Tuesday, December 4, 2012

"How To Train Your Child To Dance" by Matthew Reinschmidt

This article is from the October 2012 issue of KC Stage

Because I encounter this question and situation on a regular basis, I am putting it down here in black and white what the truth is with regard to how dance training should - no, must - be done if you want your child to be a good dancer. Inevitably, scores upon scores of young dancers decide to focus on ballet at some point and then discover they have all the wrong habits, all the wrong muscles conditioned too stiffly, and are basically a huge mess. In some cases there is literally no way to undo the damage of this poor, negligent training. Since the vast majority who read this article will never take class from my company, I have no motive here other than to set it out clearly and in plain English what the truth is. While in the grand scheme of things this may seem a trivial matter, consider how many millions of dollars are spent in "competition dance" or the like that is totally wasted time and money and especially consider how much money and time and pain comes from spinal or knee/ankle injuries because the dancer never got the proper training to gain control of these very flexible joints. If you follow this advice, I can unequivocally guarantee a much, much better result than any other way suggested or promoted as good or effective or the worse descriptor of all - "fun" (everyone wants to have fun, right?) in how to train your child to dance. Fun is free, learning is not. Anyone who says different is definitely selling you nutmeg.

The way in which parents choose to train their children in dance generally and with regard to ballet specifically can be completely counterproductive and in many cases outright detrimental. There really is a critical, specific order to follow if you want to get the results you expect and have your child able to dance with all the energy, style, excitement, and safety you'd want.

What is that order? Ballet first and only until the age of 13 - 14 years old. The reason? Simple! Ballet trains in great, systematic detail how to control the core, the hips, the knees, and the ankles. These areas are the very same areas where young dancers in general and girls in particular are naturally very flexible and have almost no control, and are also the very areas where nearly all injuries will happen unless the conditioning and control needed to prevent uncoordinated, improper joint movements gets learned to full mastery.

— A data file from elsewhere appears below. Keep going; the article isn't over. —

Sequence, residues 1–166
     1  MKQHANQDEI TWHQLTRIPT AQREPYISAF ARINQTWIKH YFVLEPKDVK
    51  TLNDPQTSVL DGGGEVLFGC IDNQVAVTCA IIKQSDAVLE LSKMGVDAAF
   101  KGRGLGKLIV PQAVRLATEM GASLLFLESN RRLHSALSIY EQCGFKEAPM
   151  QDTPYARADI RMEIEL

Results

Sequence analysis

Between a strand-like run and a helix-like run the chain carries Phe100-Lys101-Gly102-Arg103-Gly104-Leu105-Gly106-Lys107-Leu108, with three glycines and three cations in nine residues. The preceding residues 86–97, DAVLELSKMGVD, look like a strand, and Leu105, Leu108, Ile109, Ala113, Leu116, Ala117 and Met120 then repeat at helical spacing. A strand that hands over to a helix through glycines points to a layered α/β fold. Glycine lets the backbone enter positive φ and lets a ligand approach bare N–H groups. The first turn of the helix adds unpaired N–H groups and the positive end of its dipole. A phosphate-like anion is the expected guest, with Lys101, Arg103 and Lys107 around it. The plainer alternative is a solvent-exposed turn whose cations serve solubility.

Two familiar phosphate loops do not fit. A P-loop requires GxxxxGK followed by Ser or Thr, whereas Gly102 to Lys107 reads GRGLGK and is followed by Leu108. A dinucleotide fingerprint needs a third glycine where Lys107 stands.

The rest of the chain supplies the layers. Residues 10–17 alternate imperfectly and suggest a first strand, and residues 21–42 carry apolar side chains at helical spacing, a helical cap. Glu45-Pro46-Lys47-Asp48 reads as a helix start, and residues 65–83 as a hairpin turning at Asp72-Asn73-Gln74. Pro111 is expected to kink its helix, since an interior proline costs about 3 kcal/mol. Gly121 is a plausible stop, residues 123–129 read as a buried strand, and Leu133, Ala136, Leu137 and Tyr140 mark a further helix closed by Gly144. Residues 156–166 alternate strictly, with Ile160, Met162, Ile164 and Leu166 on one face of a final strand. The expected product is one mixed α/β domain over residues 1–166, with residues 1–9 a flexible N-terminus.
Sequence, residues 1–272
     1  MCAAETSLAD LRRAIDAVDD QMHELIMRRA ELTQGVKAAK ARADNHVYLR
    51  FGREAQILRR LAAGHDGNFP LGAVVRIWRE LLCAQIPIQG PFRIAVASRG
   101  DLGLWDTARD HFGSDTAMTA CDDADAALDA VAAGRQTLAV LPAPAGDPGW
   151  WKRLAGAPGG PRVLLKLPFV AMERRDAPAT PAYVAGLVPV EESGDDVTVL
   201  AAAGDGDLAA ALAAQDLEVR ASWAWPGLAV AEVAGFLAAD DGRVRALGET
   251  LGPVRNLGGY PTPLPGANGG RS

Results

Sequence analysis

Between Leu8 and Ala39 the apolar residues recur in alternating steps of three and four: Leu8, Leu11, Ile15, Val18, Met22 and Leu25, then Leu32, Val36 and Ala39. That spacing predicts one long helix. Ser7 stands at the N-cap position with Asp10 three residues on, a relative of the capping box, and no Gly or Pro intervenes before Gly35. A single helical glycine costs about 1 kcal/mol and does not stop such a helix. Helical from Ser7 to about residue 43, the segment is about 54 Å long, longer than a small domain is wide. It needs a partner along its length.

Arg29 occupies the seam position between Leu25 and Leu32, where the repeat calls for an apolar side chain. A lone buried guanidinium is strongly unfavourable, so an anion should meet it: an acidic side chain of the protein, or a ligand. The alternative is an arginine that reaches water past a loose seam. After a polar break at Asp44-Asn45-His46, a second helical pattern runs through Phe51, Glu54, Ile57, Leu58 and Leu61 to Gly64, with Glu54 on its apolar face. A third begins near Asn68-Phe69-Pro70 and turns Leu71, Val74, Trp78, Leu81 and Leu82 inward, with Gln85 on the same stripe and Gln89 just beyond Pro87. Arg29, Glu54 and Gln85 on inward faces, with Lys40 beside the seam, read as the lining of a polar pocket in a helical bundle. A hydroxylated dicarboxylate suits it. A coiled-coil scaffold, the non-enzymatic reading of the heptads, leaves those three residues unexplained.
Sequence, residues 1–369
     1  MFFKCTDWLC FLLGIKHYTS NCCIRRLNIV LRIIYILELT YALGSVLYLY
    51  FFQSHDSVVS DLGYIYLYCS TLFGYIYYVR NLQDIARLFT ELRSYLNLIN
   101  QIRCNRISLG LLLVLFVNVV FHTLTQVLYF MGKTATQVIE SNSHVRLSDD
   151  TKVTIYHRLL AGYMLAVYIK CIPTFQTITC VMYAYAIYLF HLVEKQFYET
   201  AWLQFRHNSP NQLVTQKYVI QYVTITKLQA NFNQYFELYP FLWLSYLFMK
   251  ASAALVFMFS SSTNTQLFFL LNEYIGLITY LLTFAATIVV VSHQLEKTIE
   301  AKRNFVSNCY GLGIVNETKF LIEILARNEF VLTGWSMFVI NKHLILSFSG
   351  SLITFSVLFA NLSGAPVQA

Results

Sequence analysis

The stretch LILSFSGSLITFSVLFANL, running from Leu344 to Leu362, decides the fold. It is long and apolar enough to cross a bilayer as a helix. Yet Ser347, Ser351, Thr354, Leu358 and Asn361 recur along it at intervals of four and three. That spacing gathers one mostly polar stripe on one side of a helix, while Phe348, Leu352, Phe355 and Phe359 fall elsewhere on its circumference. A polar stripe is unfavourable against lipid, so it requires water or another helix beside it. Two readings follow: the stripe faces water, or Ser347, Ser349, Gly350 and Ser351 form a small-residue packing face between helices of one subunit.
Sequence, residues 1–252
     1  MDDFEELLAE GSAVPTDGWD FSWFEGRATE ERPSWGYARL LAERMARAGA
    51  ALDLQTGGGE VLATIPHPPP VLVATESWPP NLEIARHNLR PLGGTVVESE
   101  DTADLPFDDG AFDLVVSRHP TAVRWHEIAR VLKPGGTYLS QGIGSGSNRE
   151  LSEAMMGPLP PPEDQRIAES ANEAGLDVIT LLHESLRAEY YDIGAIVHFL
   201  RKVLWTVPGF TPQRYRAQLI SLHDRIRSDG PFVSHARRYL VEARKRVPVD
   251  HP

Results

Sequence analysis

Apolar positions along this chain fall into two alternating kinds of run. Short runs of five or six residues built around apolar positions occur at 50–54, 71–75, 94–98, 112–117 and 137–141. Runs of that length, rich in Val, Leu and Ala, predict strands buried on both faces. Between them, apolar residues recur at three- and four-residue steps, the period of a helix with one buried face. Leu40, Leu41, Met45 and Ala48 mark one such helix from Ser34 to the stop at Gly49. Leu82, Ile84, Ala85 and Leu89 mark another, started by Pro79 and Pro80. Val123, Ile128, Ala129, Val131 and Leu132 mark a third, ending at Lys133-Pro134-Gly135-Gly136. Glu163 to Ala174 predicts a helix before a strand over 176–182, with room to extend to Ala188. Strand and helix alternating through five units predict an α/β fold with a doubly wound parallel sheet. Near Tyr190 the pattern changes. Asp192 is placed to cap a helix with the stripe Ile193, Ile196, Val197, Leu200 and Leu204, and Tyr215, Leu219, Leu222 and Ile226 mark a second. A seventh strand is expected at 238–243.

Caveat: forget this notion that ballet, tap, and jazz can be learned by young dancers/children at the same time. That is the worst possible way to go about teaching anything - try teaching piano, violin, and drums in the same music lesson and see what happens. The human mind can only learn one new skill or subject at a time. There is no way around this. To engage in combo-classes is to completely waste your money and your child's time and to quite possibly risk injury because the "training" received in these classes is, to be frank, always wrong and always works the wrong muscles the wrong way and creates dancers who move like blocks of wood rather than the smooth effortless motion needed for dance. In all my years of teaching, I have never, ever seen anyone whether child or teenager come from any combo-class school that had any business even trying ballet without a major dose of remedial bad-habit breaking that can take years to accomplish. And that is just to get them to where they don't look horrible doing corps de ballet parts alongside other correctly trained beginner ballet dancers.

After both the body has reached adult form and the technique of ballet has been learned to where the student can clearly demonstrate control of the body core, placement of the hips and knees, control and strength of the ankles - at that point the study of practically any other dance form is A-OK and will be tremendously boosted by the student having had good, clear ballet technique.

Why is ballet so helpful for other dance forms but not the other way around? Ballet is built on a complete system of how to move every joint in the body - literally - in a certain way that creates, using the human body, what many consider the concept of the "golden ratio". The mission or purpose of ballet is to augment the harmony and melodic structure of symphonic classical music with physical form. These are not steps or movements you would ever do in day-to-day life, and require many non-obvious coordinations and movements of the body. All other dance forms are what is called "pedestrian" in origin meaning they all derive from some function or task or other work that was at some point actually done in day to day life and therefore do not require any enhanced body core or leg control in order to make the movements of that dance form. That is the difference in technical level between ballet and anything else and also why ballet is such an effective, powerful and irreplaceable tool in the physical training of young students. This is also why ballet can and does lead to improvements in any other dance training once mastered, but the other way around simply cannot ever work.

This is the truth of the matter: please do yourself and your child a huge favor and use it. The best things in life are free, and honest, expert advice from a professional who cannot possibly gain from you taking his advice is priceless. Doing the right thing is always the right thing.

Matt Reinschmidt directs Ballet North along with his wife Laura Reinschmidt and holds a philosophy degree from the University of Kansas. You can see more at his blog. This article was previously published on EZineArticles.com, and is reprinted with the permission of the author.

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